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Home Savings to Be Acquired in $10.1-Billion Deal

Banking: Merger with Washington Mutual, the nation's biggest thrift, would mean branch closures and up to 3,500 lost jobs, mostly in Southern California.

March 18, 1998|DEBORA VRANA and JAMES F. PELTZ | TIMES STAFF WRITERS

Washington Mutual announced plans Tuesday to buy the owner of Home Savings of America for more than $10 billion, a stunning move that would result in the loss of up to 3,500 jobs and the closure of as many as 170 branch offices, most of them in the Southland.

Seattle-based Washington Mutual, already the biggest thrift in the nation because of a spree of recent acquisitions, said it would acquire Irwindale-based H.F. Ahmanson through an exchange of stock valued at $10.1 billion based on Tuesday's closing market prices. The merger would create California's second-largest financial institution and the nation's seventh-largest.

The purchase of Home Savings, itself the nation's biggest savings and loan for many years, would give Washington Mutual $150 billion in assets and 2,000 branches. It would enable Washington Mutual to supplant Wells Fargo & Co. as the main rival in the West to BankAmerica Corp.

"This is truly a unique and tremendous combination," said Washington Mutual Chairman and Chief Executive Kerry Killinger, who will lead the combined companies. "We can go toe to toe with the major consumer banks in California."

The combined entity would be the biggest mortgage lender on the West Coast and boost Washington Mutual's market share in California (based on deposits) to 17%, just behind BankAmerica's 20% share. The merged company would keep the Washington Mutual name.

Officials at both companies said it's too early to tell how many branches and jobs will be lost in Orange County as a result of the buyout. Home Savings has about 600 employees in the county at 28 branches and a consumer-lending operation in Lake Forest.

Washington Mutual has about 40 branches still bearing the names of prior acquisitions, Great Western Bank and Irvine-based American Savings Bank. Those will be renamed to Washington Mutual next month.

A company spokesman said Washington Mutual plans to keep its giant administrative center--American's old corporate headquarters in Irvine--after the acquisition of Ahmanson is completed.

The deal is one of the largest in a series of high-profile mergers in the financial services industry in recent years. Driven by the companies' push to increase efficiency through size and by record high prices in the stock market, bank and S & L mergers are proceeding faster than at any point in history.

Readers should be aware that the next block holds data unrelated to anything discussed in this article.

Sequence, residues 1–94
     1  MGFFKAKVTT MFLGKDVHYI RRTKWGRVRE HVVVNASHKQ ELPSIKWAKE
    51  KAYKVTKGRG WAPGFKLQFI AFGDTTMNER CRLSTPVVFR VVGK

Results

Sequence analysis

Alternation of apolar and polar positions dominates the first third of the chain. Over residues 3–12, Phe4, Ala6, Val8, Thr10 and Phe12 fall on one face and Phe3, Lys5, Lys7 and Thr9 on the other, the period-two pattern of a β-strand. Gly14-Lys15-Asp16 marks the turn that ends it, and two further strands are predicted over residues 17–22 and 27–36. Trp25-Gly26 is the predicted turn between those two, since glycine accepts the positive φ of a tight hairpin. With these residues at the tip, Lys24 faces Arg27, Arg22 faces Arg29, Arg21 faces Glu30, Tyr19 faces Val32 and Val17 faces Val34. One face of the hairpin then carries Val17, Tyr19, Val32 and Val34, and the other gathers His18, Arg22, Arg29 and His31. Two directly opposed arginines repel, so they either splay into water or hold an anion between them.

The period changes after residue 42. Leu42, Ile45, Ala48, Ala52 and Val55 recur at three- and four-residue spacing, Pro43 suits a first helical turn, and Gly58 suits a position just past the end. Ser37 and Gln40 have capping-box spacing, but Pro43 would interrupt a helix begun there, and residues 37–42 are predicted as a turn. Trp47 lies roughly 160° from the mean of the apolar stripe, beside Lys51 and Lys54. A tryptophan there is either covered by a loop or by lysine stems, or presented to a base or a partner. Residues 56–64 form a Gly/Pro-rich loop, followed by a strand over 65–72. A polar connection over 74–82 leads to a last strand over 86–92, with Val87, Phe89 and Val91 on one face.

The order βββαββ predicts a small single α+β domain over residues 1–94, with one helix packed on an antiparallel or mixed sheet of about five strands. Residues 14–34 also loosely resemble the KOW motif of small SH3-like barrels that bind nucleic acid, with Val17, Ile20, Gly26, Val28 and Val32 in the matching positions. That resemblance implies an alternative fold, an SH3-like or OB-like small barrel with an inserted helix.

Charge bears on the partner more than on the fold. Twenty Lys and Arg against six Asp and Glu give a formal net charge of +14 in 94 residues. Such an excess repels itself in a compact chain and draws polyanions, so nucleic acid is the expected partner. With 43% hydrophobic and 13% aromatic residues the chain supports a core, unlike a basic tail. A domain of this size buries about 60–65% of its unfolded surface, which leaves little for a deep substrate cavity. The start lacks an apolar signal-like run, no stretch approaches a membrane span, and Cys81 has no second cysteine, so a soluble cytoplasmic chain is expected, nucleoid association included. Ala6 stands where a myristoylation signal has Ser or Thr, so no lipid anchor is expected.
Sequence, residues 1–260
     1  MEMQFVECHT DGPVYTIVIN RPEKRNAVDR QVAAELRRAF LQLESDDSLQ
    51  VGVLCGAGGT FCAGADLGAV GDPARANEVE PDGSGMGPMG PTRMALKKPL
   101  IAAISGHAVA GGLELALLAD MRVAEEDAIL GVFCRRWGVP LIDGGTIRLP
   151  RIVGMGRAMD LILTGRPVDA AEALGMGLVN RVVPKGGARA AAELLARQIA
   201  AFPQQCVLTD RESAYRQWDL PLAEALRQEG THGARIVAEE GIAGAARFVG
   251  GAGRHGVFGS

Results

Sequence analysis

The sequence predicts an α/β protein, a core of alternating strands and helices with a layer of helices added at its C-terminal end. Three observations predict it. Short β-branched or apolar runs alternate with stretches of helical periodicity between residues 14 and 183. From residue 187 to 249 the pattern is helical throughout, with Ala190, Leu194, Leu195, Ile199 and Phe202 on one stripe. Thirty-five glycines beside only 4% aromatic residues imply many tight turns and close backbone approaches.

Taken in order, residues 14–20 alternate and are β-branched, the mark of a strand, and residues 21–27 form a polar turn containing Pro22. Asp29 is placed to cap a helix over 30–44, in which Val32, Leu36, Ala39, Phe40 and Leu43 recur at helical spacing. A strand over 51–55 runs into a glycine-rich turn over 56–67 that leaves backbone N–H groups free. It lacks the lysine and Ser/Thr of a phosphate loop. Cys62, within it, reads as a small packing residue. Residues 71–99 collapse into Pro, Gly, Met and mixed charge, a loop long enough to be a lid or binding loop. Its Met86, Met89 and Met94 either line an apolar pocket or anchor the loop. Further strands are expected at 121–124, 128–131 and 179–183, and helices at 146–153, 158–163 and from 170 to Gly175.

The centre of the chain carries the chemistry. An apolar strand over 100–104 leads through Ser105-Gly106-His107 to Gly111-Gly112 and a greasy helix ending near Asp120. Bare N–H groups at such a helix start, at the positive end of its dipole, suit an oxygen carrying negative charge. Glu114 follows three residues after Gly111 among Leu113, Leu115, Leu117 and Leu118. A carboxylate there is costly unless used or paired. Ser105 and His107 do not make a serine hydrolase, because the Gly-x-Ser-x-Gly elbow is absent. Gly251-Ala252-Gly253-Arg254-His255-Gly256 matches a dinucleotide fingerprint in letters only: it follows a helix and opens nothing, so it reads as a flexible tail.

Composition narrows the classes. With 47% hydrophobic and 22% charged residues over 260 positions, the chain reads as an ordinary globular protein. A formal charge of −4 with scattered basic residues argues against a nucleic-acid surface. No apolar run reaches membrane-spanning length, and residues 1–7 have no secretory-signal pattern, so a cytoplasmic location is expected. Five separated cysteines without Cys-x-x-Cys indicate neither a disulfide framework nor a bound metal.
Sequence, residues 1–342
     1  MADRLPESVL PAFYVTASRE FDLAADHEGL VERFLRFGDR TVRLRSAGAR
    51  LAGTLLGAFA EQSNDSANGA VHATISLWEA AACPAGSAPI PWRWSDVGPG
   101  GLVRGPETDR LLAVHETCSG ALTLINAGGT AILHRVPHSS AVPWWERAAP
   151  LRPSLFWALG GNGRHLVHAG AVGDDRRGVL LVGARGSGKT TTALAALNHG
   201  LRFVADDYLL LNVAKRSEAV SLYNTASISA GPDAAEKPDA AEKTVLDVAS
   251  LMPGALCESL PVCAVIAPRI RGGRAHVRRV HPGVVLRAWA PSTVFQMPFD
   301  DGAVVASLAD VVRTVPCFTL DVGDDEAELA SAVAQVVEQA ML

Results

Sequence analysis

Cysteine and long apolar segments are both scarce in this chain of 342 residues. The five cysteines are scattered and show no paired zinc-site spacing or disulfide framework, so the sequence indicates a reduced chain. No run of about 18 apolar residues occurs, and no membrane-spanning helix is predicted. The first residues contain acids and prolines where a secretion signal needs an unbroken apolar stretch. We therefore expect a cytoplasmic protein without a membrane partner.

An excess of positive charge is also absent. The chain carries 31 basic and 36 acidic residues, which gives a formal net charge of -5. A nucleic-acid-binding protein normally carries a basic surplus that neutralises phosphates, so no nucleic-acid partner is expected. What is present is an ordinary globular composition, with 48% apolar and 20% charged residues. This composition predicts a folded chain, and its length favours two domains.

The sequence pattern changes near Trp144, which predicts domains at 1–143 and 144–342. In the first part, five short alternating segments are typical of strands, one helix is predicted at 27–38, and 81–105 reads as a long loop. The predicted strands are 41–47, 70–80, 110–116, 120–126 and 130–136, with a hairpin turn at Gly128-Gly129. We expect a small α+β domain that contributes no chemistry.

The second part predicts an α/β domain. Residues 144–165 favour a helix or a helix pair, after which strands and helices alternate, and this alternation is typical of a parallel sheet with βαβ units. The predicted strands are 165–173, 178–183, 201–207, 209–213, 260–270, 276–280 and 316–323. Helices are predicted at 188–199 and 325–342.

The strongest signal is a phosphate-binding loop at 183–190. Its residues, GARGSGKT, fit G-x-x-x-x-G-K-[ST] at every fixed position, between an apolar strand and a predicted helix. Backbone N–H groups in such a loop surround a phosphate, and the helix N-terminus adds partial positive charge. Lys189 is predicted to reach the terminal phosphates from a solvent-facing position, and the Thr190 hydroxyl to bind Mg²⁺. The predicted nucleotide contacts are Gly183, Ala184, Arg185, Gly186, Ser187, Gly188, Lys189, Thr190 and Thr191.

In the last decade, Washington Mutual has bought 21 companies. Home Savings itself acquired Coast Savings Financial in October.

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But while the deals have captured headlines, they have often left customers angry and confused.

Some Home Savings customers, for instance, called Downey Savings & Loan offices Tuesday to see about switching their accounts, said the Newport Beach thrift's chairman, Maurice L. McAlister.

"Here we go again," said Peter Navarro, a professor in the Graduate School of Management at UC Irvine on Tuesday. "People in Los Angeles and elsewhere are not happy about musical banks. Bigger in banking does not mean anything better for the consumer."

Alan Fisher, executive director of a nonprofit community investment group known as the California Reinvestment Committee, called the deal "a stunning next step in banking consolidation in this state."

"There's a concern about what this means in Los Angeles, where you have job losses and branch closures," Fisher said. "There could also be fewer lending opportunities for consumers."

But Wall Street cheered the deal.

Washington Mutual and Ahmanson are "an ideal fit" because of the possibility for massive cost-cutting through layoffs and branch closures, said Jonathan Gray, an analyst at the investment firm Sanford C. Bernstein & Co. in New York. Washington Mutual is expected to eventually slash its annual costs by $330 million.

More than 60% of Ahmanson's bank branches are within a walk or short ride from a Great Western branch, Gray noted. Most of the closures are expected to occur in Southern California, where there is the greatest overlap of branches, analysts said.

Most of the projected 3,300 to 3,500 job cuts, some expected to occur through attrition, will occur here as well, they said. Washington Mutual said it would try to reassign some employees, and workers who are laid off would be given severance packages. The packages would vary depending on an employee's position and experience, Killinger said.

Although the deal to buy Ahmanson comes before Washington Mutual has even completed absorbing Great Western, analysts predicted that Washington Mutual would not suffer the computer snafus and other well-publicized problems that Wells Fargo had after its 1996 acquisition of First Interstate Bank.

"They are expert consolidators," said Donald Destino, analyst at the securities firm Jefferies & Co. in Los Angeles. "Generally, these have come off without a hitch."

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